In The Beginning
Have you ever wondered how or if you could capture Star Images? Well Fighting For Rights and I have spent the last couple of weeks doing just that exploring the capabilities of her new camera. Pictured to the right is my old simple Point and Shoot Sony and below is an image that I was able to capture with it.
I chose to provide links as opposed to showing those images in this article for 2 reasons. First the small format here does not do the image justice and second to save space. The original image is not much to look at but here is the Exposure Data which is important.
- Exposure Time - 2 seconds
- ISO Speed - ISO-100
- F-Number - f/2.8
- Date Picture Taken - 10/3/2014 12:01 AM
What is important about these settings is that this is the longest shutter speed, the fastest ISO and the widest lens opening that my camera will provide and was achieved by choosing a Night time Scene setting. This is not much compared to what the newer cameras offer as options. It is important to note that a tripod and the camera's delay timer were used to avoid camera movement during the exposure. This is how one gets to know their camera with the attention given most to a long exposure time. The longer the better to a point and the key is experimenting and the conditions of the site where the images are taken.
Bottom line here is to illustrate that with just a minimal 2 second exposure I was able to capture more stars than I could see by eye under very good conditions. What comes next is the simple processing of the image that will show the collected data on our screens for the best view.
Leb's Digital Darkroom
Now this is where Part II of Astrophotography takes place and the purpose here is to keep it simple. I want to provide an introduction to image adjustment and to point to the tool that allows one to make the primary adjustment in all astro images. To do this there are many videos available on YouTube. I have one in mind from Cyanogen.com the makers of Maxim DL which is observatory grade astrophotography software and I happen to be very familiar with a mini version that was supplied with one of my CCD cameras. I do want to make it very clear at this point that if one has image processing software; one already has the tools needed. What we will learn here is how to Stretch the image.
As in all new things there will be new vocabulary and here possible mention of unheard of before image formats. What I hope the viewer comes away with is the simplicity of the actual image adjustment and that the amount of adjustment is not set in stone. Then we will look at various presentations of the same tool as it appears in other software.
After viewing the video the Screen Stretch examples to the right should look familiar. In the first 2 examples notice that they are the actual settings produced by the Astro Image above. The third example is the histogram of the Sony camera image above and is shown to demonstrate a normal properly exposed image.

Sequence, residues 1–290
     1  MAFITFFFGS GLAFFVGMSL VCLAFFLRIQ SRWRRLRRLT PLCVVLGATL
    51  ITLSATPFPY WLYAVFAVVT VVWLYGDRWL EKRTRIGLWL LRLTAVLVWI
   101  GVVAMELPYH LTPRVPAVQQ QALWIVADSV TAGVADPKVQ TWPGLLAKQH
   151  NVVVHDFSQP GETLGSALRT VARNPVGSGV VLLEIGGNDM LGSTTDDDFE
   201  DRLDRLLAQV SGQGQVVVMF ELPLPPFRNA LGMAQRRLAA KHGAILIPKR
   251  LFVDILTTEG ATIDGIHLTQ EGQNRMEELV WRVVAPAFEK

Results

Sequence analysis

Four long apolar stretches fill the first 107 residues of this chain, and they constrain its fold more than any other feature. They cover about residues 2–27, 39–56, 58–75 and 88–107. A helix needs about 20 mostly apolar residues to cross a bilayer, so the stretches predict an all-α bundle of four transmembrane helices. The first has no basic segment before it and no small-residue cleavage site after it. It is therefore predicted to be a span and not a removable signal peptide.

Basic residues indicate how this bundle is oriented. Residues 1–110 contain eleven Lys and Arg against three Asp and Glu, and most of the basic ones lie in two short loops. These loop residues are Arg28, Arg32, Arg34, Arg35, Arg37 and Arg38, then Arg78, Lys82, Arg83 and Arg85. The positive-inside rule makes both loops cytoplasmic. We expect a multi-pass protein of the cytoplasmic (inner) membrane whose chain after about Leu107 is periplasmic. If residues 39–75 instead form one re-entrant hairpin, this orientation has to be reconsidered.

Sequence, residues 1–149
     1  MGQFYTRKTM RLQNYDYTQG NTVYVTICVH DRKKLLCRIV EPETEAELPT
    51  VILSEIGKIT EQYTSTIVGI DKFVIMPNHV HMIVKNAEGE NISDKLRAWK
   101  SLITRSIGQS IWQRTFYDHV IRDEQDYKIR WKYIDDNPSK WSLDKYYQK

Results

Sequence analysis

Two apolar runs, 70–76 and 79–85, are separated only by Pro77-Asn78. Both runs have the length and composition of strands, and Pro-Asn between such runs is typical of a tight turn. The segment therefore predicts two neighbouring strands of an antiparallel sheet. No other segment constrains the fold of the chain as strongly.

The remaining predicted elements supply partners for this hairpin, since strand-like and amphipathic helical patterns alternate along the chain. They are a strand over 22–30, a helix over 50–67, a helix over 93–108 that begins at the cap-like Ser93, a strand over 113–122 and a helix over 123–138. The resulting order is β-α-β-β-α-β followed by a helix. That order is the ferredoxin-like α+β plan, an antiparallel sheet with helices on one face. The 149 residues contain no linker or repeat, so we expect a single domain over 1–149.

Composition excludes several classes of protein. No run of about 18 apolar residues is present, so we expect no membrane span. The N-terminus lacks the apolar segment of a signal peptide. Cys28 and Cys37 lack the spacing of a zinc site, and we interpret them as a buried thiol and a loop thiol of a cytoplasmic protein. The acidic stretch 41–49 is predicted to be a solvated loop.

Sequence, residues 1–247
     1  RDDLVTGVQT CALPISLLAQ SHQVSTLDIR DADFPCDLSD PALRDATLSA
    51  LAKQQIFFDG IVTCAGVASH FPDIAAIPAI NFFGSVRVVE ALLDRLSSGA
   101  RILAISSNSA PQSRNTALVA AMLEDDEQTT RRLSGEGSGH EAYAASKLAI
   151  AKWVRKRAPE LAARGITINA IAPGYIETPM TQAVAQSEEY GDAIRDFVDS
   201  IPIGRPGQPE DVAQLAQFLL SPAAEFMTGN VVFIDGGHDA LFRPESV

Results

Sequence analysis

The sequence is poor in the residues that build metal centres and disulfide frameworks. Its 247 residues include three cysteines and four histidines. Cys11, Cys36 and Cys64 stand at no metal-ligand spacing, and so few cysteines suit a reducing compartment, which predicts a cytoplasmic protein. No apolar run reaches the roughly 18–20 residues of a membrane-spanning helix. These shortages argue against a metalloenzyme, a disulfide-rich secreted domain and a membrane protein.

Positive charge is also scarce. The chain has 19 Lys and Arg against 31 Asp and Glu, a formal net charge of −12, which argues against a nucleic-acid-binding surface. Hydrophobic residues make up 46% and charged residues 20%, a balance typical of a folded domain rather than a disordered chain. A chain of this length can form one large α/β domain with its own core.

The adjustments shown in the second example have created an image on the screen that has brought a lot more stars out of the dark and at the same time removed noise and graininess to maintain a dark almost black background, enough for my liking. The actual "Stretch" comes from when I make these changes permanent by saving the new JPEG image. The portion of the histogram between the red and green carets becomes the new histogram with a range of 0 to 255. Note here that I always preserve the original.
Now this set up in Maxim DL was created for primarily one purpose, quickly adjusting astro images and this Screen Stretch window to the right is actually just a portion of what would be found in standard image editing software like Paint Shop Pro or Photo Shop and there it is called the Histogram Adjustment window.
Pictured to the right is the Histogram Adjustment window from Paint Shop Pro. The 2 carets or sliders of importance there are colored dark grey and white. Notice that the numbers entered into the Low and High boxes match the numbers in the Minimum and Maximum boxes of the second example Screen Stretch window. Both programs produce the same image with the same results and clicking OK does the Stretch so the image is ready to save. There are more Buzzers and Bells on that window to play with but we are just dealing with the basics here. Feel free to experiment. This window will be very similar in the other image editors.
To the right here is the Histogram adjustment window in Photo Shop and it is called Levels.
That's it, that is how to Stretch the image. Basically if you think of it like a Dimmer switch for a light. We use it to turn up the lights and at the same time a second Dimmer to turn off the darker noise.
Two steps, that's enough to get started. Take the picture and then adjust it, the results will be amazing and of course it gets easier with practice. Certainly this can be taken to much higher levels but every journey starts with the first steps. A Sky Chart is handy and then of course labeling the images is a nice extra and a great way to learn the names of the visible stars and constellations.
One thing of interest about that image up there that I have displayed is that the Andromeda Galaxy is in that image although not visible. It is located just to the left and above where I labeled the Constellation Andromeda. With a few more seconds of exposure it will be visible and I'm willing to bet that Fighting For Rights will be the one to show it :o)